German "East First" Plan in 1914?

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Re: German "East First" Plan in 1914?

Post by Futurist » 23 Jun 2020 07:06

ljadw wrote:
27 Oct 2019 11:20
There was a lot of pessimism in Berlin in the winter of 1917 ,but the KM said it had a miracle solution : unrestricted submarine war ;when some people replied that this would cause war with the US,the KM answered that with an average monthly sinking of 600000 tons during 7 months (February-August ) Britain would be forced to capitulate,before US could intervene.
The truth was that the U Boats succeeded to sink 600000 tons monthly during 7 months,but that Britain did not capitulate .
The reason was that Britain was much less depending on imports in WWI than before 1914,and thus that less imports did not mean less food and that less food did not mean starvation .
About the influence of the U Boats in the amount of British imports, it ( losses by U Boats ) was only ONE ( and not the deciding ) of the elements in a very complicated assembly line : things as needs, production, transport,stockage capacity, loading and unloading... in Britain and in the US were as or even more important .
Do you think that the German military's calculations in regards to USW in early 1917 would have been different had Russia's February Revolution occurred just a tiny bit earlier than it did in real life?

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Re: German "East First" Plan in 1914?

Post by ljadw » 25 Jun 2020 08:53

There is no relation between both .
The USW had as aim to eliminate Britain which would result in the capitulation of France .
The fall of the Imperial Russian regime had no or only few effect on the war in the west .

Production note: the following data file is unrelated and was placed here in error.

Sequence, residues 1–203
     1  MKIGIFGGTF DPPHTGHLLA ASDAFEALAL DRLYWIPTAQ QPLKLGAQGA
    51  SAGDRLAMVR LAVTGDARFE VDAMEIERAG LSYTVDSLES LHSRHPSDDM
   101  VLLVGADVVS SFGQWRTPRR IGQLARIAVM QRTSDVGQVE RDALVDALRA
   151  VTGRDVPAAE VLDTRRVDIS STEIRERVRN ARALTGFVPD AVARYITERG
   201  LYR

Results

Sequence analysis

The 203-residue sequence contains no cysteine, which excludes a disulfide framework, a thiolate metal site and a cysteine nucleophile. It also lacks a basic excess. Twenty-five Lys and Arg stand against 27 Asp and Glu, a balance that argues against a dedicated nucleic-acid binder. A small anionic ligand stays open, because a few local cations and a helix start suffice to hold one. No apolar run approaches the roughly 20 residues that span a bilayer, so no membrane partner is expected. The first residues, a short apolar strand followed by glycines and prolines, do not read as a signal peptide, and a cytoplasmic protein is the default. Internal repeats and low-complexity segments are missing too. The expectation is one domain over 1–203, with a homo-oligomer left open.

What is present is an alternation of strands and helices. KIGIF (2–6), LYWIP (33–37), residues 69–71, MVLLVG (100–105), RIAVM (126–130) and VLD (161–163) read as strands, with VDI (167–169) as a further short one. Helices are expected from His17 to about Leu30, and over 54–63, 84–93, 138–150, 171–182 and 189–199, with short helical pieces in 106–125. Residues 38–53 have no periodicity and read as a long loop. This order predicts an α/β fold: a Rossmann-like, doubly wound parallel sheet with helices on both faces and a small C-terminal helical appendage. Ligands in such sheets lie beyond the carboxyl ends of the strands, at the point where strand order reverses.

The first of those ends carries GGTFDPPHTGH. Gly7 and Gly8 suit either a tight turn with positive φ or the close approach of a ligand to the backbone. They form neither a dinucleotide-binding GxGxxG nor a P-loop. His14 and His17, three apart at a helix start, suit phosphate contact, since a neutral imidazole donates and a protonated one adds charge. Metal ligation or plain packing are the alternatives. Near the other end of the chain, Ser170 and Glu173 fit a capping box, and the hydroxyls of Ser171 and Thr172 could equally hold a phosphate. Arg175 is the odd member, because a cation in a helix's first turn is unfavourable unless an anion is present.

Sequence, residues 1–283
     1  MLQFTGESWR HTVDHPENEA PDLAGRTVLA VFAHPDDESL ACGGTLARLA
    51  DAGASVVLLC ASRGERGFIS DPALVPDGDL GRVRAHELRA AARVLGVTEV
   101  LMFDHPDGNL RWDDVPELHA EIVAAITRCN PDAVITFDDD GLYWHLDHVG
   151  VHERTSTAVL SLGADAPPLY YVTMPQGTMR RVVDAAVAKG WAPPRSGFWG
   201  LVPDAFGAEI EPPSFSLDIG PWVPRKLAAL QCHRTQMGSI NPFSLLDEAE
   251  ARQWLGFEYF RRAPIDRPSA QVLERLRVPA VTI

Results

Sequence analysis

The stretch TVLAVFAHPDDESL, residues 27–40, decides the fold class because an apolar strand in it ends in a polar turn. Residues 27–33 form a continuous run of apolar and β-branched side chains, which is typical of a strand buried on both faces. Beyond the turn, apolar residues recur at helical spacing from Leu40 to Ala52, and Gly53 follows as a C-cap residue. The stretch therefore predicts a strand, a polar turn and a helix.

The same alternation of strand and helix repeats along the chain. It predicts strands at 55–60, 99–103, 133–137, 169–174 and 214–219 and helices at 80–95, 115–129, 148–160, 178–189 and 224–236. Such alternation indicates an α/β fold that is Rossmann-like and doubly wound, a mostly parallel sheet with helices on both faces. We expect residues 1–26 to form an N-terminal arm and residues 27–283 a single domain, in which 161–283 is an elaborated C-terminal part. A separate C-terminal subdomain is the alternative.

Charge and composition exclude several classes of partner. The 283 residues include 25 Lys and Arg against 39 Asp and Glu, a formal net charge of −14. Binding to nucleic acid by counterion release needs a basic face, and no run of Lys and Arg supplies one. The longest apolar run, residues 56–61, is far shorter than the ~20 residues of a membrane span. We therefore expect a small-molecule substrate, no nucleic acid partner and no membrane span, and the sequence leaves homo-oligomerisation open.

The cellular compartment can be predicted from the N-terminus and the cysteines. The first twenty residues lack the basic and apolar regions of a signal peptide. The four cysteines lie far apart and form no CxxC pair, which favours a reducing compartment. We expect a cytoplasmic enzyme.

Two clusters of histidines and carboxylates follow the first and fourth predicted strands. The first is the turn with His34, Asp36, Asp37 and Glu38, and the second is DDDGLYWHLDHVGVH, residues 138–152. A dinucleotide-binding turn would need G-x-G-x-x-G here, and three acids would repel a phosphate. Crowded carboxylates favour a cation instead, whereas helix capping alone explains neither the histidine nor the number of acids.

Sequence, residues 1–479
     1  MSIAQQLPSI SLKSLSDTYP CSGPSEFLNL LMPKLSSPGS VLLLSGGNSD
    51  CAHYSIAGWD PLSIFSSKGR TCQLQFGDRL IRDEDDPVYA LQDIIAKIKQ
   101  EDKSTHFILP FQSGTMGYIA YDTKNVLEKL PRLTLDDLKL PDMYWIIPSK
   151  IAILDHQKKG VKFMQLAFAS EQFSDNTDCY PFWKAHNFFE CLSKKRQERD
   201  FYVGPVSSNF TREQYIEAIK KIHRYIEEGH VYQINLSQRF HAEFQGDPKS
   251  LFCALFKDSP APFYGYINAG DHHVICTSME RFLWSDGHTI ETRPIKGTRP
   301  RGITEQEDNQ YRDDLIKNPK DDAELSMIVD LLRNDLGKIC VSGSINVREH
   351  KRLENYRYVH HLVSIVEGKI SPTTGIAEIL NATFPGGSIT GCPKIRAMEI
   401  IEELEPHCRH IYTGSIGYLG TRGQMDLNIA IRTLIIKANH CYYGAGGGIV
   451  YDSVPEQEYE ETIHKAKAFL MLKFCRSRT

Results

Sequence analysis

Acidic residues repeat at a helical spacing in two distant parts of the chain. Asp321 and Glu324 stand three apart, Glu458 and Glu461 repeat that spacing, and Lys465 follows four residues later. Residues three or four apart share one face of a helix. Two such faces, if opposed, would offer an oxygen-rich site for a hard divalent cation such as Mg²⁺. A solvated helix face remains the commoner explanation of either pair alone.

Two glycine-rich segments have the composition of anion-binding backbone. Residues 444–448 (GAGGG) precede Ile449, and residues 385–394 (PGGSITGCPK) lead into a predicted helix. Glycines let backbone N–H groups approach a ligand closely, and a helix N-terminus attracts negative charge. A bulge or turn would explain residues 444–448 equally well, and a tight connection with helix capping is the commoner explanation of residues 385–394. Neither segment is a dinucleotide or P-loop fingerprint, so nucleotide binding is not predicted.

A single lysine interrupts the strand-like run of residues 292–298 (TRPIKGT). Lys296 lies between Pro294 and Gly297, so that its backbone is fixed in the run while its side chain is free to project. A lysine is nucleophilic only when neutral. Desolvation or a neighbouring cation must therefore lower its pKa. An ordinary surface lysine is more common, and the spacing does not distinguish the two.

1 The war in the east continued with all intensity and stopped only with operation Faustschlag in 1918 .
2 Meanwhile ,in the west, Britain was able to launch third Ypres .

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Re: German "East First" Plan in 1914?

Post by Futurist » 25 Jun 2020 20:14

ljadw wrote:
25 Jun 2020 08:53
There is no relation between both .
The USW had as aim to eliminate Britain which would result in the capitulation of France .
The fall of the Imperial Russian regime had no or only few effect on the war in the west .
1 The war in the east continued with all intensity and stopped only with operation Faustschlag in 1918 .
2 Meanwhile ,in the west, Britain was able to launch third Ypres .
I was simply wondering if Germany might have become more optimistic about the course of World War I had Russia already began weakening by the start of 1917 and thus would have decided that bringing the US into World War I would have been too big of a risk.

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Re: German "East First" Plan in 1914?

Post by T. A. Gardner » 25 Jun 2020 20:50

Timing is everything. If the US entry were held off say six months in the OTL, France and Britain might have had to capitulate and seek terms after the Kaiser's offensives occurred. This would have seen a huge gap ripped in the Allied lines and the Germans within miles of Paris. Even if the US had just entered the war at that point, the French and British would know that it would be months before any significant number of troops could arrive to help them. They might have opted for a negotiated end to the war at that point instead.

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Re: German "East First" Plan in 1914?

Post by TheMarcksPlan » 26 Jun 2020 02:16

T. A. Gardner wrote:
25 Jun 2020 20:50
Timing is everything. If the US entry were held off say six months in the OTL, France and Britain might have had to capitulate and seek terms after the Kaiser's offensives occurred. This would have seen a huge gap ripped in the Allied lines and the Germans within miles of Paris. Even if the US had just entered the war at that point, the French and British would know that it would be months before any significant number of troops could arrive to help them. They might have opted for a negotiated end to the war at that point instead.
The Kaiserschlacht would have gone differently as well. OTL Ludendorff behaved frantically and erratically, shifting his focus multiple times and arguably losing a chance to finish the French army by focusing on it while merely defending against the Empire. The buildup of American force is what motivated him so to act, which wouldn't happen with a significant U.S. delay. It at least allows a more methodical battle approach.